The dispatcher is a very important and critical component of the AEM deployment architecture. Architects or developers often ignore the dispatcher design during the analysis phase, which is a bad practice. In this blog, I have explained high level capabilities of the dispatcher.

What is a dispatcher?

Dispatcher is the caching and load-balancing tool for Adobe Experience Manager that works with an enterprise-class web server, like Apache. It enables the building of a quick and active web authoring environment. The Dispatcher versions are independent of AEM version. Although the dispatcher version is independent of AEM, dispatcher utilisation must be analysed before starting the development activities and not ignored. Dispatcher deployment architecture may vary from project to project, but overall, it should look like the following:

In the next few sections, we will get to know about dispatching capabilities like cache, Sticky connection, Load balancer and security.


Caching is the process of putting copies of data or resources that are frequently accessed in a place that makes them easier to find. The goal of caching is to improve the speed and efficiency of a system by reducing the number of times data has to be pulled from its original source.

When it comes to caching, the dispatcher functions as an integral component of an HTTP server like Apache. It aims to store (or “cache”) as much static website content as possible and access the website’s layout engine as infrequently as possible. In other words, it wants to maximize efficiency. The Dispatcher module uses the Web server’s capability to serve static information. The cached versions of the documents are uploaded by the dispatcher to the Web server’s document root directory. Dispatcher uses ‘Auto-Invalidation’ which automatically invalidates out-of-date cache after an update.

Sticky Connection

A sticky connection is a method used in computer networking and load balancing to keep a user’s session with a specific server or backend resource. It makes sure that requests from the same client are sent to the same server or resource that handled the first request from the client.

The dispatcher has the capability of sticky connections feature, which sees to it that all of the documents associated with a user are processed by the exact same instance of AEM. If you make use of personalized pages and session data, then you absolutely need this feature. The information is kept in memory on the instance. Because of this, subsequent requests from the same user must go back to the same instance, or the data will be lost.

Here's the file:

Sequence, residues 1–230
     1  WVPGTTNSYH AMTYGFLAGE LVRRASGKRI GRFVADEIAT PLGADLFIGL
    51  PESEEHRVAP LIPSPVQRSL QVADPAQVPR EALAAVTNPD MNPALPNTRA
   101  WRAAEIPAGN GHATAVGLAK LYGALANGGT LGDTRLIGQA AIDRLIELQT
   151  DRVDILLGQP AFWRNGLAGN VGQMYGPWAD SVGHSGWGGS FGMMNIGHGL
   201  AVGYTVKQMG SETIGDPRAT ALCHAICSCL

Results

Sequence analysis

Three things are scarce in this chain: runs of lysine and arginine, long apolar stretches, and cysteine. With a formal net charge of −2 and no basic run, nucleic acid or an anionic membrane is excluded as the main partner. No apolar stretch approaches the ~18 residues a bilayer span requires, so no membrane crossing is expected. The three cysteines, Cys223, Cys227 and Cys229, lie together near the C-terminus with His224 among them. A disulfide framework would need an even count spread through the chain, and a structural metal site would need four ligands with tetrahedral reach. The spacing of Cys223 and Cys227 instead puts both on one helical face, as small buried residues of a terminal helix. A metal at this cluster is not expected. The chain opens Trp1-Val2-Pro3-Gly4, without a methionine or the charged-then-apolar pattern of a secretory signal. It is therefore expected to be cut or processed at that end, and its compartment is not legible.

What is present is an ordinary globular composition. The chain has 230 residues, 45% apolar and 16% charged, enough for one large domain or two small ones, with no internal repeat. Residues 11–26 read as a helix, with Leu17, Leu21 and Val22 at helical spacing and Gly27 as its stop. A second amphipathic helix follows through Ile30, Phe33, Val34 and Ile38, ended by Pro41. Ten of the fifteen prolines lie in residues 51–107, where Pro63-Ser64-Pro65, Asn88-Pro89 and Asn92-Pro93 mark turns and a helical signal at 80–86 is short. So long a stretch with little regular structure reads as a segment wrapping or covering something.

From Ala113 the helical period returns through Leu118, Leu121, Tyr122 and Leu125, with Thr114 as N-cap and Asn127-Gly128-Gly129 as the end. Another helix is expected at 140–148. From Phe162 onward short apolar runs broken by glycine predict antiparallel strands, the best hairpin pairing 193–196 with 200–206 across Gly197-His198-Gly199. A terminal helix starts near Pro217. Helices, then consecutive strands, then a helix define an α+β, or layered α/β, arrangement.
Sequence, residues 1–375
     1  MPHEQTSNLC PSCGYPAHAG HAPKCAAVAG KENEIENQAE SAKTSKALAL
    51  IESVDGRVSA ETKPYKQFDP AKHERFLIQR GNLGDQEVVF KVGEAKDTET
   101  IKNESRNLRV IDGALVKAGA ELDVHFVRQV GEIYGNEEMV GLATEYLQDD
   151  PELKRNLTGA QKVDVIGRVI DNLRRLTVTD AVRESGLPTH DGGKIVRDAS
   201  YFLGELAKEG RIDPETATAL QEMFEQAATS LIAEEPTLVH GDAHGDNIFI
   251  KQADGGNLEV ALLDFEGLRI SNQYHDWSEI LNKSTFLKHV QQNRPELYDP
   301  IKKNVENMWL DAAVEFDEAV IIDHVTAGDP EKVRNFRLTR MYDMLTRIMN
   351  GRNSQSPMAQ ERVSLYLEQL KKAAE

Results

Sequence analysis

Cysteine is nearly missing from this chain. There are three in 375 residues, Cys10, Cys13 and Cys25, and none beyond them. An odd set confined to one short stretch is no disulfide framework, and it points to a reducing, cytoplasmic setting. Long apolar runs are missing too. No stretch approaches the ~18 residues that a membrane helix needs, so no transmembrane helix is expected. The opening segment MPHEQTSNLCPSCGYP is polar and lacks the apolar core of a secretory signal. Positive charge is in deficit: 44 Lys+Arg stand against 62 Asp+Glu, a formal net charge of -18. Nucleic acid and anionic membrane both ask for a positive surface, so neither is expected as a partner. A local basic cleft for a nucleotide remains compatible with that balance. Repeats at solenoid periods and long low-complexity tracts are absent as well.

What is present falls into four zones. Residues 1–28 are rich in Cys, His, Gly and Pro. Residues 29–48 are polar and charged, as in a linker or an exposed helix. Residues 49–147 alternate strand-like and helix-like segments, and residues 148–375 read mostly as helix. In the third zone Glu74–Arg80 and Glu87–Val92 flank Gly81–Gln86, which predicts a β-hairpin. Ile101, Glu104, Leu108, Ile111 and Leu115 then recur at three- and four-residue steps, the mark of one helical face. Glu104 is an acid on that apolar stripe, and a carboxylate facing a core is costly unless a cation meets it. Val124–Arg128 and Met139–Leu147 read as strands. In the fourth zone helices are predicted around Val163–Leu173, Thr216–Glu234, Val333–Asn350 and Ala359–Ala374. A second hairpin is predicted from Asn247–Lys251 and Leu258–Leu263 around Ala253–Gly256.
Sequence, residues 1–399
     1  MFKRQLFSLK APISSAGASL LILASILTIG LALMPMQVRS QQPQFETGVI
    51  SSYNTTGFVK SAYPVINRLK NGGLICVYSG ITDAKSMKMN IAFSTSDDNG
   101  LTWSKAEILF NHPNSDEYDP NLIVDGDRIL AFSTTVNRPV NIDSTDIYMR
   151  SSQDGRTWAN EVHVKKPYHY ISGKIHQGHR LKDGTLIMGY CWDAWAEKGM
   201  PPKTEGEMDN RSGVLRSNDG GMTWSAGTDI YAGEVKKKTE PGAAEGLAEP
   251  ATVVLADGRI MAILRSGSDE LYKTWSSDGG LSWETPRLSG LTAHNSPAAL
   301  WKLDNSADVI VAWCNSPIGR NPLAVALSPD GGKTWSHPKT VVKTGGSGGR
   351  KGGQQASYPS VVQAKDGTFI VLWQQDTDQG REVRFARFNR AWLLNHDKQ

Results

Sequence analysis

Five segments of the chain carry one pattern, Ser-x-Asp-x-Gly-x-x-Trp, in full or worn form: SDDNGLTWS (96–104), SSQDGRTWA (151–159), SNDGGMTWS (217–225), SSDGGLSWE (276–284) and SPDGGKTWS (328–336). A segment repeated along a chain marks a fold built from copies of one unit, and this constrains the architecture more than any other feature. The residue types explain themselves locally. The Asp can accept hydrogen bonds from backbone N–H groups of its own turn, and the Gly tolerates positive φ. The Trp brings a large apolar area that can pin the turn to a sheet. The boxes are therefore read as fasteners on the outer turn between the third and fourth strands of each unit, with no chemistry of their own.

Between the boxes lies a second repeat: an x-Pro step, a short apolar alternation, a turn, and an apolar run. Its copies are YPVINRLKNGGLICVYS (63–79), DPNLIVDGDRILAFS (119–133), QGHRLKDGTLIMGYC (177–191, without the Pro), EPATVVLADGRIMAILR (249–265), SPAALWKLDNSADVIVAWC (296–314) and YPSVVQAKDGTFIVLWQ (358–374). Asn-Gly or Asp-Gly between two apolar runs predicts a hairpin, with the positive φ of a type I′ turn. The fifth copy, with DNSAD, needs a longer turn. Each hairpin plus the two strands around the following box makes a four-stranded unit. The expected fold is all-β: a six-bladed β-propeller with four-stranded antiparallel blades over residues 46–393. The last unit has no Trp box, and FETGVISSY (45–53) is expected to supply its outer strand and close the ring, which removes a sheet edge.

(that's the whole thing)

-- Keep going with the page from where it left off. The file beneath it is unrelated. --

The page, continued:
Because sticky connections hinder the Dispatcher’s ability to optimize requests, you should only use this method when absolutely necessary. You can specify the folder containing “sticky” documents, ensuring that all documents in that folder are processed on the same instance for a given user.

It is recommended to disable the caching of all pages where sticky connections are used. Otherwise, the same instance of the page is displayed to all users regardless of the session content. But there are a few use cases where you can also use both, but such use cases need to be analyzed properly.

Load Balancing

When serving in a load-balancing capability, the dispatcher is responsible for balancing a load of user requests among the several AEM instances (renders). Dispatcher manages and distributes user requests across the AEM Instance. It increases processing power by sharing document requests between several AEM instances. It also helps by increasing fail-safe coverage by automatically relaying requests to other instances if they don’t receive any response. In the event of the unavailability of any of the instances, the site will be slow but will not be completely down.


Dispatcher plays a very crucial role in enhancing the security of an AEM website by providing caching, request filtering, access control, SSL termination, and request rewriting capabilities. By implementing these security measures at the edge of the network, the dispatcher helps protect the AEM instance from potential threats and improves the overall security posture of the website. It also prevents ‘Denial of services (DoS)’  attack. A Denial of Service (DoS) attack is a malicious attempt to disrupt the normal functioning of a computer network, system, or website, making it inaccessible to legitimate users.

Dispatchers can also protect or prevent CSRF (Cross-Site Request Forgery)  attacks and Clickjacking.


The dispatcher is a very important and critical component of the AEM deployment architecture. Architects or developers often ignore the dispatcher design during the analysis phase, which is a bad practice. Dispatcher capabilities for caching, Load balancing, and security should be leveraged to make the application faster, more secure, and robust.




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By Md Afzal Sharif

Afzal is an Adobe Multi Solution Architect with experience in designing and implementing the platform with innovative and Architect best practice. He has been in this role for several years. His areas of expertise include directing the planning and strategic development of digital technologies, designing and implementing those technologies, and providing various business solutions.